14 CFR Part 91.319 provides a listing of operating limitations. The flight test area is defined within the Phase 1 limitations along with the required number of hours that the airplane must be flown. The primary restrictions regarding flight testing are: (1) no passengers, (2) day, visual flight reference only, (3) no operation over congested areas, (4) the pilot must also advise ATC that they are experimental, and (5) the pilot must have the appropriate ratings. It also requires that in order to have the Phase 1 restrictions lifted they must prove that the aircraft has no hazardous operating characteristics and that it is controllable throughout its normal range of speeds and maneuvers.

14 CFR Part 21.93 requires that any major changes that are made to an airplane require inspection by the FAA prior to further flight.

AC 90-89A Provides guidance regarding flight testing and includes information for determining the weight and balance of the airplane.

Kit Manufacturers Guidance

As part of the kit that the pilot purchased from the airplane kit manufacturer, guidance regarding crimping of wiring was provided.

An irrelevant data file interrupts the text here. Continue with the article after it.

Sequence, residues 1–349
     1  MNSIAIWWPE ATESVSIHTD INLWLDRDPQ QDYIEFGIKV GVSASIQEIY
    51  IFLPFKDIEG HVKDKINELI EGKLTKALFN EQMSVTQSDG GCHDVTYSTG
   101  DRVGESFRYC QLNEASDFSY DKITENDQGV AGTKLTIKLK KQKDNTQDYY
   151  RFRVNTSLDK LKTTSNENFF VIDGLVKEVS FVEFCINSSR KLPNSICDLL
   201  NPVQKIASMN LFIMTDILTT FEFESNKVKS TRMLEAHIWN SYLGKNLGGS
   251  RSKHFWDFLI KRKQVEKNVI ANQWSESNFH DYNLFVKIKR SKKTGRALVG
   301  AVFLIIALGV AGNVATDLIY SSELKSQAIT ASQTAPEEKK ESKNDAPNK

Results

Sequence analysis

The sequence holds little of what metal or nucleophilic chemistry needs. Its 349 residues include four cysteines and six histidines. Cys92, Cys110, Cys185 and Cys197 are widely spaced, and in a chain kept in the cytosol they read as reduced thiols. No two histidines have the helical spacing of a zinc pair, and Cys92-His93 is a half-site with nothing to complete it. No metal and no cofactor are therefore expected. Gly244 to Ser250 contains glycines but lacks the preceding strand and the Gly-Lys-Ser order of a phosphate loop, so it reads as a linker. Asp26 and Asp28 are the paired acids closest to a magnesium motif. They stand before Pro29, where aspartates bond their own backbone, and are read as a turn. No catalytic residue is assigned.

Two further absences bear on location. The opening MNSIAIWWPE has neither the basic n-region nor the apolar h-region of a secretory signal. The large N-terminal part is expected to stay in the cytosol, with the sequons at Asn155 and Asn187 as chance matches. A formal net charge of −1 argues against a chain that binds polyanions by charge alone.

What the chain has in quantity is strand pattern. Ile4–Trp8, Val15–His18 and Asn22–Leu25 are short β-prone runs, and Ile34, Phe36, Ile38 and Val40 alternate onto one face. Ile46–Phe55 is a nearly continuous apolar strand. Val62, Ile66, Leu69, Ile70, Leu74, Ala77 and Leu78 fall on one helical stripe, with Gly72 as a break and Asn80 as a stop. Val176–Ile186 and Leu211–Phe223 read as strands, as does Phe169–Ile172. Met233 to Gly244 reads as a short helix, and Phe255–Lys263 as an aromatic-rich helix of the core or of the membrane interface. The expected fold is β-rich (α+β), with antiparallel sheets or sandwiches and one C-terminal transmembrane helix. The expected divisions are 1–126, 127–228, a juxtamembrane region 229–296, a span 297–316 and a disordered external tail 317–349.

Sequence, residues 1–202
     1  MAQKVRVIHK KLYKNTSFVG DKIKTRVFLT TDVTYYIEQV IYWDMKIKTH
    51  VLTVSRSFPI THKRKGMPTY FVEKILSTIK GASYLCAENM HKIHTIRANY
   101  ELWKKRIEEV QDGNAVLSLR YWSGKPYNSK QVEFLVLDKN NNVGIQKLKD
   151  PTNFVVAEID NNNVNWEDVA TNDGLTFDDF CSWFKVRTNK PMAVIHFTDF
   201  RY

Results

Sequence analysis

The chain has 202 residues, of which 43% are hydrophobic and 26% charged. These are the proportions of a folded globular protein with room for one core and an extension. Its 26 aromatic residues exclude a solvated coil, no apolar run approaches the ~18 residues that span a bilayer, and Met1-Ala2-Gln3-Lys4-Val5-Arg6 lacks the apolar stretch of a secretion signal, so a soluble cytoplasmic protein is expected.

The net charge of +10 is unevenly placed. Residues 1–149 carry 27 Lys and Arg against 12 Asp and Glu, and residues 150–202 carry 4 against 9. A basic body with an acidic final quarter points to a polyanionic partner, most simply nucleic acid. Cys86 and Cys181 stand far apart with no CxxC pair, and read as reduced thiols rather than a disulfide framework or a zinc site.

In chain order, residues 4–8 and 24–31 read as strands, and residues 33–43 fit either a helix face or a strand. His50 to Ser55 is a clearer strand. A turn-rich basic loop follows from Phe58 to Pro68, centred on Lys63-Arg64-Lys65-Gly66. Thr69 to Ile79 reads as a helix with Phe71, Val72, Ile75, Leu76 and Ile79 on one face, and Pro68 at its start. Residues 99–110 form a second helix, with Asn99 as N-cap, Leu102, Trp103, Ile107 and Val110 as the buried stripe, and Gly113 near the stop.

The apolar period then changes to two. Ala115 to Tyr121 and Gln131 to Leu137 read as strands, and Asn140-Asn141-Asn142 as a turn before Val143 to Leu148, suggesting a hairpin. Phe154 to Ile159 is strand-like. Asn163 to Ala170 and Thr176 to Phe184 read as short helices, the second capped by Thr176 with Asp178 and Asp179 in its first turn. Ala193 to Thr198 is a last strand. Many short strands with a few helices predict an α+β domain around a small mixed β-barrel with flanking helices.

The kit manufacturer's "Finish Kit Contents" also provided guidance for determining weight and balance, as well as guidance for final inspection and flight test.

Engine Builders Guidance

Guidance was also provided by the engine builder regarding electrical connections in both the E6-Series Powerplant Installation Guide (Chapter 3: Electrical Installation) and in the Eggenfellner Subaru Electrical Systems Installation Document (Creating Good Cable Connections).

It's important to note that this is not the final report. In fact, it's clear the NTSB is paying much more attention to this accident than most general aviation accidents. And it's pretty clear why. This is not the type of report you want to read; and although it doesn't assign blame, it is the factual report and for everyone who is building an RV, it has more than enough lessons in it.

I'll also point out that when you ask a builder "when are you going to get this thing flying," or when you post to or start a thread on VAF or other bulletin boards chiding builders to "hurry up and get finished," you're not helping the cause of safety. Not one bit.


  1. This case is one that reads almost perfectly as an example of how not to handle a build or flight testing. As much as I hate to say it about a fellow pilot, this fellow dug his own grave and we can only learn from it and perhaps be thankful that he took no lives with his own impatience besides own.

  2. I find it shocking that Jan Eggenfellner retained his A&P license after
    taking an airplane out of it's test area with 2 hours of testing and flew it to Oshkosh. And with 2 prop blades removed to boot!